And unbelievably, close to 60 years since the birth of the modern environmental movement, the regulation (or otherwise) of polluting chemical companies is still a hot topic, with camps on both sides. Lobbyists for the chemical industry riddle the Trump administration, even within his appointments to the EPA, and are implicated in a historic reversal in water safety standards as well as trying to block the release of a controversial study on PFAs (C8).
They have also been influential in pausing the EPA’s ban on trichloroethylene and casting doubt over the danger posed by Hexavalent Chromium (the chemical pollutant Erin Brockovich so famously fought against, which is still a pervasive and widespread problem in the US water system, affecting potentially 200 million people) and formaldehyde. In fact, the latest version of the EPA has tried to reduce the amount of peer-reviewed science they are even allowed to consider when making decisions.
This kind of lobbying goes back a long way, and DuPont is central in that story too. They were at the heart of the historic lobbying group the Manufacturing Chemists Association (founded in 1872 and which now operates as the American Chemistry Council) and, through them, to drafting the first environmental protection laws, such as the Toxic Substances Control Act (TSCA), (once they had given up trying to prevent any regulation at all) which accounts for how toothless they ultimately proved to be.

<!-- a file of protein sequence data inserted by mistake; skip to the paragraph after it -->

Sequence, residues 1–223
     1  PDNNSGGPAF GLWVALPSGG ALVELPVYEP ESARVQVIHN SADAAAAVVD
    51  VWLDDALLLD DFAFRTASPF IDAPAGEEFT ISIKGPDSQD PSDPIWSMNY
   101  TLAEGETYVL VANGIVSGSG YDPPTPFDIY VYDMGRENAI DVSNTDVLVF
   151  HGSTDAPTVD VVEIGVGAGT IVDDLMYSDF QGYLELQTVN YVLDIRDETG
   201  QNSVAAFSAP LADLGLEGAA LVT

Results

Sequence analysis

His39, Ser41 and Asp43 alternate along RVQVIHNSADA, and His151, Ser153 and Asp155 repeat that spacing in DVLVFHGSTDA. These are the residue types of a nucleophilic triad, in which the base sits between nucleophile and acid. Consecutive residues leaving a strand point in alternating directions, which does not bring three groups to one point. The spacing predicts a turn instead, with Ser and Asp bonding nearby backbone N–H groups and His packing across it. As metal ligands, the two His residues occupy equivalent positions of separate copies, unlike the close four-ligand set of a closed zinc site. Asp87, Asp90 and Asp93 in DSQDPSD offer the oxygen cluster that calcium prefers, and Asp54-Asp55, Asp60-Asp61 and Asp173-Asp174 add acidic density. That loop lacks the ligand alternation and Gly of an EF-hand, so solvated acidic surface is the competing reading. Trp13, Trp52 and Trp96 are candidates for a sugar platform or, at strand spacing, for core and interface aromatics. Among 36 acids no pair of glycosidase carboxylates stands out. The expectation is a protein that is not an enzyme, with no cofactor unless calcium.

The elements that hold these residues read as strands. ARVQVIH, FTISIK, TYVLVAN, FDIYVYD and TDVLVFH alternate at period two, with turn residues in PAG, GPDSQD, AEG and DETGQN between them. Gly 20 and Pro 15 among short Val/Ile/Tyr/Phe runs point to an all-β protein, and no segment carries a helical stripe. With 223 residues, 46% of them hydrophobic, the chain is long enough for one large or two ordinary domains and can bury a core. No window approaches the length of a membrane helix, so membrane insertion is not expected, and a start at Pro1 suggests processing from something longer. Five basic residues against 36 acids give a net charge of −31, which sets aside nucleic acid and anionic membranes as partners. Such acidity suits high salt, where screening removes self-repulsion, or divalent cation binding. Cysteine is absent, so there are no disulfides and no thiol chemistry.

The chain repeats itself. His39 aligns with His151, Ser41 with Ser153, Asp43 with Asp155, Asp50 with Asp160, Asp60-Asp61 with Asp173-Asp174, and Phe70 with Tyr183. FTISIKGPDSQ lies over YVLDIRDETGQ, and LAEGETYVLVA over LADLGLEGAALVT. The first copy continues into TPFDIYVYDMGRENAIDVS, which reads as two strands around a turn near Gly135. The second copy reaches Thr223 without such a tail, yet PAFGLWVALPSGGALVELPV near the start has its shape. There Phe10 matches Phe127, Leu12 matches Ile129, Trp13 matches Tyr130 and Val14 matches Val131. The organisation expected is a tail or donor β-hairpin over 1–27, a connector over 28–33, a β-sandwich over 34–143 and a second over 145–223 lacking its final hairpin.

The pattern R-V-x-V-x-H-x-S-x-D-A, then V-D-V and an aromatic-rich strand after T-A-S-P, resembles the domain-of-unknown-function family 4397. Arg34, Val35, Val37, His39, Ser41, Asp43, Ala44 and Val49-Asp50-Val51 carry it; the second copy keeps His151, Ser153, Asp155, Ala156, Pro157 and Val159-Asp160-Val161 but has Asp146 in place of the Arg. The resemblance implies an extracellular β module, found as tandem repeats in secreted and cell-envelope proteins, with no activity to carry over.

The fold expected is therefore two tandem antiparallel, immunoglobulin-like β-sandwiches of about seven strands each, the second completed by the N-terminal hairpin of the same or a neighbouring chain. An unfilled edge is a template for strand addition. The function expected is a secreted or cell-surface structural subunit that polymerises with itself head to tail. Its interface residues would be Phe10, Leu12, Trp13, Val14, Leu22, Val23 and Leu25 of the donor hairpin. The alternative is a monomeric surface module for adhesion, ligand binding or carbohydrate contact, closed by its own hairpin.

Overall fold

The ACC and chemical industry’s lobbying has been consistent for over a century, with millions of dollars spent every year and to considerable effect. Industry money also gets sunk into supposedly neutral since advocate groups, which, funnily enough, tend to oppose regulation, often questioning the science (or “junk science”) behind attempts to regulate.
Accordingly, the US attitude towards the regulation of chemicals has been way out of step with other countries, where the precautionary principle takes precedence, meaning the USA can take decades longer to ban, restrict or control potentially dangerous substances (nearly 75 years in the case of lead-based paints) due to its insistence on letting industry, not the government, take the lead on product safety.
There are some glimmers of optimism on the horizon for regulating chemicals in the US, particularly with the updated TSCA from the end of President Obama’s term as President. This regulation has a lot of gaps, including food and make-up, much of the latter full of chemicals that are banned under EU law. But lawsuits are slowly catching up to the chemical giants, just as they did with the tobacco giants, with Monsanto paying out millions to those harmed by its weedkillers, for instance.
But meanwhile, in spite of high-profile multi-million dollar lawsuits and Oscar-worthy Hollywood movies, DuPont’s long history of polluting the air and water of the USA looks set to go on and on. Whether governments, lawyers, or ordinary citizens can do anything to stop them is for future stories or movies, yet to be told.